Role of Sisterhood in My Congregation/My Personal Journey
By Rosanne M. Selfon
Congregation Shaarai Shomayim in Lancaster, PA, has been my Jewish home almost since the day I was born. When my husband David and I returned to Lancaster in 1974, there was no doubt we would join a synagogue (YES! There are Jews in Lancaster which is the 4th oldest Jewish congregation in constant use in the United States). Growing up, David had had a less than stellar relationship with his Orthodox congregation so joining my Reform temple was a non-issue. We jumped into temple life immediately.
Sisterhood welcomed me warmly. My first position was chair of public relations; one year later, I became a vice-president. In 1976, I became sisterhood president with a four year old, a three month old, a career-building husband and a dog. Those were the days when 150 women attended luncheons, only daytime programming existed, and every woman in our congregation supported sisterhood. Social activities, holiday celebrations and almost all fundraising were within sisterhood’s domain. I loved instituting new projects. Help was plentiful; you simply had to ask. Our sisterhood, which predated NFTS, was a successful organization that met the needs of many women.
In many ways, sisterhood offered informal “Leadership 101”. Working in our women’s community was safe; mistakes weren’t a death sentence. Understanding organizational life, testing new waters, learning skills to deal with all types of people, and learning adult, not pediatric, Judaism all originated with sisterhood experiences. Sisterhood modeled how to mentor, how to bring women into the circle, how to celebrate achievements, and how to sunset weary events. We learned from our elders who sometimes indulged us by accepting contemporary innovations. Sisterhood’s intergenerational dimension continues to be an organizational highlight.
My sisterhood exists to support temple, our community and each member. I take special pride in one of our committees that reaches out to any temple family experiencing a death. The Bereavement Committee provides the meal of consolation following a funeral. This particular service is truly a mitzvah. The committee is so organized that a congregant simply provides the number of mourners expected, and sisterhood shops and cooks the meal, sets it up, serves it, and cleans afterward. Anyone who has done this work or received this service clearly understands how sisterhood helps to make our congregation a caring community, a family.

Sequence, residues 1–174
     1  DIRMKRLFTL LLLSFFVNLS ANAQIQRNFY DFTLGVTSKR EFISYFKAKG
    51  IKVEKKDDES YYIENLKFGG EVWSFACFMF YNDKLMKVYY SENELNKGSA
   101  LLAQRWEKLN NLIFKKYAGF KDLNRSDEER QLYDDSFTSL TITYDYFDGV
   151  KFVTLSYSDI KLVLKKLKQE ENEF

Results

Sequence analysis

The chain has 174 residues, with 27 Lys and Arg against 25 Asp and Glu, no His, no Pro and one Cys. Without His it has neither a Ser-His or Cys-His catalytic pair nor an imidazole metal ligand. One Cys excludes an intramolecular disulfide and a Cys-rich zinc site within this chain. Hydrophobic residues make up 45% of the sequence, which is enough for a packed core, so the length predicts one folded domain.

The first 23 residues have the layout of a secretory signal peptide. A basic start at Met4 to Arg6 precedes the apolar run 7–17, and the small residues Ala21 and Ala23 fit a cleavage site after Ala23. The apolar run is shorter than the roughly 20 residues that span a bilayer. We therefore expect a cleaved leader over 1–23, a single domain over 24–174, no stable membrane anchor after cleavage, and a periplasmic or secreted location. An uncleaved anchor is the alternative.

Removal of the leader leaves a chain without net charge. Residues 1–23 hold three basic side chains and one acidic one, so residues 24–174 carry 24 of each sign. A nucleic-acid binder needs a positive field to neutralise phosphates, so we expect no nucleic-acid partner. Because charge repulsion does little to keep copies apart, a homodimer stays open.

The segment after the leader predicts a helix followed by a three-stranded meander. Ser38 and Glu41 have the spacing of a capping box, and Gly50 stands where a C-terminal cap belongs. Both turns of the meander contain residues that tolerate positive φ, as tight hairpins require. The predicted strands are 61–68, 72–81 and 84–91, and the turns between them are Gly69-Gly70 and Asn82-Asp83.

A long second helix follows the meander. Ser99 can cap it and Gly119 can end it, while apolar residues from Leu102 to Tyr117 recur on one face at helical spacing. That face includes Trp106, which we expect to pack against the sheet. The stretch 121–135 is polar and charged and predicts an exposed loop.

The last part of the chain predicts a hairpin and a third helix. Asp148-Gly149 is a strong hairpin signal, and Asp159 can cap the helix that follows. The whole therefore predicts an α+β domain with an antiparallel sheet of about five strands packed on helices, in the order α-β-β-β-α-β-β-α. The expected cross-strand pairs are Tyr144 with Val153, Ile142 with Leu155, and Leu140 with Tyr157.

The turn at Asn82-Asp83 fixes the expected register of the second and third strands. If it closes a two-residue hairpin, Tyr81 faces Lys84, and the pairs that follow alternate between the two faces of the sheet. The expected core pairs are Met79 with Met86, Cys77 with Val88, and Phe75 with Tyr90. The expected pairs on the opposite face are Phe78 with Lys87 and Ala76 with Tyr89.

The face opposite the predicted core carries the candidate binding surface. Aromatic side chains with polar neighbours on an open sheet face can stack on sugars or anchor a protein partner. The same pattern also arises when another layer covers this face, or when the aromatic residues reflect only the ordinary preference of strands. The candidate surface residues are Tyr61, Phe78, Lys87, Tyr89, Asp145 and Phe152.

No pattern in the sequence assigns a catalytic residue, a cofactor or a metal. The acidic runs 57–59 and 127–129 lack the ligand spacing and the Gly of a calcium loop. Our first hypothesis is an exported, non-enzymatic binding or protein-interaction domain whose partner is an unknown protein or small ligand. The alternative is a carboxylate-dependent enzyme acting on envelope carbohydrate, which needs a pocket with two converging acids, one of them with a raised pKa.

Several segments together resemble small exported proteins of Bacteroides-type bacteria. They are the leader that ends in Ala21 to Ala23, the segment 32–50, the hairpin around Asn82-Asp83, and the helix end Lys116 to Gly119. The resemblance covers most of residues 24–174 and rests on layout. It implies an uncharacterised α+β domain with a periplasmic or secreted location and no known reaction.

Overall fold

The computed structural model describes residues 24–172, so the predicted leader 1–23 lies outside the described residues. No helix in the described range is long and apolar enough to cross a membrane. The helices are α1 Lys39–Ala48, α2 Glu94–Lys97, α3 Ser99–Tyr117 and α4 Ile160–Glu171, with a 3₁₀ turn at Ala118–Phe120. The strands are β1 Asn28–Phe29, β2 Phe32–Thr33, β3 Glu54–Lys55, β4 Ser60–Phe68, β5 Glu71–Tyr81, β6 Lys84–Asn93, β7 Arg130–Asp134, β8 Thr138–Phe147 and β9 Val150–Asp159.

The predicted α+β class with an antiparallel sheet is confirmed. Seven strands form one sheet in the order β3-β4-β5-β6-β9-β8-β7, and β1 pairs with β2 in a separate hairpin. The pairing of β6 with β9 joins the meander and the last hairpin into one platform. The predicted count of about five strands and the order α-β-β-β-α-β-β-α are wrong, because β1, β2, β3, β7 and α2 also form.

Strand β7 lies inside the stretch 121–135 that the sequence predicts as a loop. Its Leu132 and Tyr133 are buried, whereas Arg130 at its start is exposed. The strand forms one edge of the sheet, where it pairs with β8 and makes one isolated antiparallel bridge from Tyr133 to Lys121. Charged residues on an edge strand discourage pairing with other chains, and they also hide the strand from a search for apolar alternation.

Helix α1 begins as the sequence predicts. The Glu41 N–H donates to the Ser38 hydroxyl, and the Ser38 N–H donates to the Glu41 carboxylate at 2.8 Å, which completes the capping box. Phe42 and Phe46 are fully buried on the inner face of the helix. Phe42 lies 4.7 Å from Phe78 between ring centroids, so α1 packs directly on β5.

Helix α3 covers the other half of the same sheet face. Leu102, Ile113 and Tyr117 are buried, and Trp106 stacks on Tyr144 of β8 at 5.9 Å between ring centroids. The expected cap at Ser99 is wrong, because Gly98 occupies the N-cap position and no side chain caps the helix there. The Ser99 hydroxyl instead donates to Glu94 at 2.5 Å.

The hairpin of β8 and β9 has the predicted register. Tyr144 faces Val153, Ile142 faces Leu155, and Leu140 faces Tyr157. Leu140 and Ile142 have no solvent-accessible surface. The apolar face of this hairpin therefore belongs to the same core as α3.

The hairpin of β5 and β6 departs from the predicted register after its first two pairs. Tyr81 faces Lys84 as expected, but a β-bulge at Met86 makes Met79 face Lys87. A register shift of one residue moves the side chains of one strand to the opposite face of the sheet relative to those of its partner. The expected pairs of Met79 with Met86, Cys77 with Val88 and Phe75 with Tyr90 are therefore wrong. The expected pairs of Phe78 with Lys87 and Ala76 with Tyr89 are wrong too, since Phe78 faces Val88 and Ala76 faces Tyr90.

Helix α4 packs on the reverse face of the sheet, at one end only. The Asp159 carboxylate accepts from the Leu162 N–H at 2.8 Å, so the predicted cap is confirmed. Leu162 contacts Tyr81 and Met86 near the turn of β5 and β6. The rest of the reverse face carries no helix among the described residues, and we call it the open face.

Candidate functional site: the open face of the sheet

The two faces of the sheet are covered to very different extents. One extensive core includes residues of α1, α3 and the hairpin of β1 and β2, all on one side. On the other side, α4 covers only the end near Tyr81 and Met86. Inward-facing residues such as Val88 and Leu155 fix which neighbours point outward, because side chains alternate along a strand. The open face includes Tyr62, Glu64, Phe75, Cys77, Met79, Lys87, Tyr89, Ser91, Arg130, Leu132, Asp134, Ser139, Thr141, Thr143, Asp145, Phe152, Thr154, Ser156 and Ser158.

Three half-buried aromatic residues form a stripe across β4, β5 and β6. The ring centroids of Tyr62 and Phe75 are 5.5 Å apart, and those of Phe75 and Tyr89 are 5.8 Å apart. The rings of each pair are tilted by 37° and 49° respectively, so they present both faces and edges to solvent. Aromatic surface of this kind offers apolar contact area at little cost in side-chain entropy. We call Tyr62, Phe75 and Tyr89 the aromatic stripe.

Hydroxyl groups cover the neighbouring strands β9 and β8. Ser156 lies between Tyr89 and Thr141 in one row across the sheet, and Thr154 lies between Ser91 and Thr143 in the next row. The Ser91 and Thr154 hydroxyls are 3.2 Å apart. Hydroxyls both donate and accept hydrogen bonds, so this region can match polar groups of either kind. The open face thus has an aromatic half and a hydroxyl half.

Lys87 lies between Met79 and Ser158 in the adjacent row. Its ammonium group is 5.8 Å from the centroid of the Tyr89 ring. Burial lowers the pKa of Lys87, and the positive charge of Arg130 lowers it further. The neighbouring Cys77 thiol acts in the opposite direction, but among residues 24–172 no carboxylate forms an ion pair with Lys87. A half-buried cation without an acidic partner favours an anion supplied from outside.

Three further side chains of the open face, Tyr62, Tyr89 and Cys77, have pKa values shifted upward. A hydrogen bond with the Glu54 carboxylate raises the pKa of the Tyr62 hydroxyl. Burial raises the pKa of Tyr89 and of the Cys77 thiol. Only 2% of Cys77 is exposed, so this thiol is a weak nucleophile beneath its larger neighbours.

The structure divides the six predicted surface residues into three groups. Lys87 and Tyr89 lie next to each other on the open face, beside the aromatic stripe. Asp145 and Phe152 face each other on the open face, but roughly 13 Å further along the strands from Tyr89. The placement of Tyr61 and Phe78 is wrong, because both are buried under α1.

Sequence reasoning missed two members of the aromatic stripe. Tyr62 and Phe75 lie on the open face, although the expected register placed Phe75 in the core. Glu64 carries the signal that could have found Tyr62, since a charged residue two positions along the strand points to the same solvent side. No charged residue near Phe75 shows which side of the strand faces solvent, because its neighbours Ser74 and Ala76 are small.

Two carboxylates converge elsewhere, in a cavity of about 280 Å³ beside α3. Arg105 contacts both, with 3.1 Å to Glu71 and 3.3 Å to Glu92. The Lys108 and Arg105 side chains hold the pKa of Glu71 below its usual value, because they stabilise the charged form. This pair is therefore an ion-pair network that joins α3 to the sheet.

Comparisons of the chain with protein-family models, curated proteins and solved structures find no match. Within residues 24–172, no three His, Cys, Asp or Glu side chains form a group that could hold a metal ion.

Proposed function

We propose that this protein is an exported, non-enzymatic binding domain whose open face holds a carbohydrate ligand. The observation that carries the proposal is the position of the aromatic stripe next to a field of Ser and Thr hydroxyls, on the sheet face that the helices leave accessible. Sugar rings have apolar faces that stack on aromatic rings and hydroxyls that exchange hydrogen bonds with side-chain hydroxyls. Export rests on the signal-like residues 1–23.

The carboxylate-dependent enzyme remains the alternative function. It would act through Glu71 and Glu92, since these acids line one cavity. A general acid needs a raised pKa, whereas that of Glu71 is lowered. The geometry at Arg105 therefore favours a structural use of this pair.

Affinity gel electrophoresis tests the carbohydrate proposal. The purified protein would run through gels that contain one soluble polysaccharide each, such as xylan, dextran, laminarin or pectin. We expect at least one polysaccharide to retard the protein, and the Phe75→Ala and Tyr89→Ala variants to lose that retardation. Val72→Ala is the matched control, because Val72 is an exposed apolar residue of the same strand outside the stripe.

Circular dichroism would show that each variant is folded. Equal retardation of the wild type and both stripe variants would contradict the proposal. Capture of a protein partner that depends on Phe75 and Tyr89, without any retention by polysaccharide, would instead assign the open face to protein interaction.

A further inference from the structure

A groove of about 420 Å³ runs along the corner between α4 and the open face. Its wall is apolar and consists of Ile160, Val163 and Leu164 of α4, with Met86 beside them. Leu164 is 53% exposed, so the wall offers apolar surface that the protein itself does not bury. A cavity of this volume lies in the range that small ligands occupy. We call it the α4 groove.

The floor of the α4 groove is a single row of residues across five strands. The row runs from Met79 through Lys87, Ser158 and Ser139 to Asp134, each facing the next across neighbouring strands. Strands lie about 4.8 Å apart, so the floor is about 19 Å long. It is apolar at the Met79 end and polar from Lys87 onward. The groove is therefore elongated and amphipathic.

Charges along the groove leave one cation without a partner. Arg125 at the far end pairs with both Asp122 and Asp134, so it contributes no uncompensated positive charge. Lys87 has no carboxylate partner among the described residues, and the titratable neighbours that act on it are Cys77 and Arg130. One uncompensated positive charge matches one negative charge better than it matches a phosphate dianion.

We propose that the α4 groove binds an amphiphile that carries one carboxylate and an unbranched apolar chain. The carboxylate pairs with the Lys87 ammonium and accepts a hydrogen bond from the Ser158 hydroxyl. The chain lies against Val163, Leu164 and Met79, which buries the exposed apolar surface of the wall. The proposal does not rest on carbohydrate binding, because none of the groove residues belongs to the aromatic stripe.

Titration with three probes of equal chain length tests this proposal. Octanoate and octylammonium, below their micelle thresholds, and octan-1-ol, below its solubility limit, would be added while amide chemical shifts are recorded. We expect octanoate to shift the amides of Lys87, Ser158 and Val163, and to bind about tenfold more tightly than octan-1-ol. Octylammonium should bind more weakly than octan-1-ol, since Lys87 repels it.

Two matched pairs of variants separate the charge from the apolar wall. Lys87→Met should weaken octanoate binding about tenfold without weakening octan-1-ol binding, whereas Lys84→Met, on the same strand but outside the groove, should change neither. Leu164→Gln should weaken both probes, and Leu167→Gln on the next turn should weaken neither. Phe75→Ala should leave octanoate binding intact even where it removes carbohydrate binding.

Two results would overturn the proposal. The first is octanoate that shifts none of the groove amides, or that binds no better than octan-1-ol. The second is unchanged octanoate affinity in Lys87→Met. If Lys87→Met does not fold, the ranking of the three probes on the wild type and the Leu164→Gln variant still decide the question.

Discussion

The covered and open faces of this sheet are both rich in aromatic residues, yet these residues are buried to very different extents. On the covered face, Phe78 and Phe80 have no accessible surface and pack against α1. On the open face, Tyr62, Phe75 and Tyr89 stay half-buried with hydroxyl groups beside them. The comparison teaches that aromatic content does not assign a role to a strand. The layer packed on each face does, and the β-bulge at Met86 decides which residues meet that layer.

In the 1980’s, NFTS District #5 scheduled a biennial meeting in Lancaster, and I was asked to be the local liaison. I didn’t even know what a district was. Orchestrating our active sisterhood and taking care of my young family had been my priorities. But I learned, very quickly, how connecting with Reform Jews beyond Lancaster could enrich sisterhood, temple, and me. From the very first gathering, I was ‘smitten’ with the Reform Movement! Engaging with the district leaders further refined my skills and offered wonderful leadership opportunities.
NFTS caught my interest. So many wonderful options presented themselves. NFTS/WRJ presidents nurtured me, encouraging me to learn, step outside my comfort zone, and entertain new experiences. Having many mentors has been a blessing; each has taught me to seize the moment and stretch.
When my three-year sisterhood presidency ended, I became the temple’s 2nd VP, and in 1990, I began my three years as president. Our congregation evolved, using more Hebrew and contemporary music. Rabbi Jack Paskoff, who is now in his 19th year with us, initiated many social justice projects and significant adult study programs while overseeing a thriving Religious/Hebrew School. Under his nurturing, more than thirty youngsters annually attend Camp Harlam, Kutz Camp, and NFTY in Israel or Birthright; many helped by sisterhood. None of us in leadership, professional or lay, are complacent; we strive to introduce innovations every year. Dayeinu – this alone makes our congregation quite amazing!
My involvement in Sisterhood began a lifetime journey of service that has included serving my synagogue, WRJ, the URJ, Camp Harlam Council and so forth. Reform Judaism has greatly influenced my family. Our older daughter Lysa is a temple officer at Rodef Shalom in Philadelphia. Amanda, our younger daughter, recently marked her tenth anniversary serving as NFTY-PAR Adviser. Both families belong to synagogues and celebrate all the holidays with joy. My hope for our three grandchildren is that they find as much meaning through volunteerism with Reform Judaism as I have been privileged to know. L’chayim WRJ – to 100 more years!
Rosanne M. Selfon, WRJ Immediate Past President, currently is serving as the WRJ Centennial Chair. She previously chaired The Torah: A Women’s Commentary, published by WRJ in partnership with the URJ Press in 2008. She has been a member of the WRJ Board of Directors since 1987.
The WRJ Ten Minutes of Torah series is sponsored by the Blumstein Family Fund.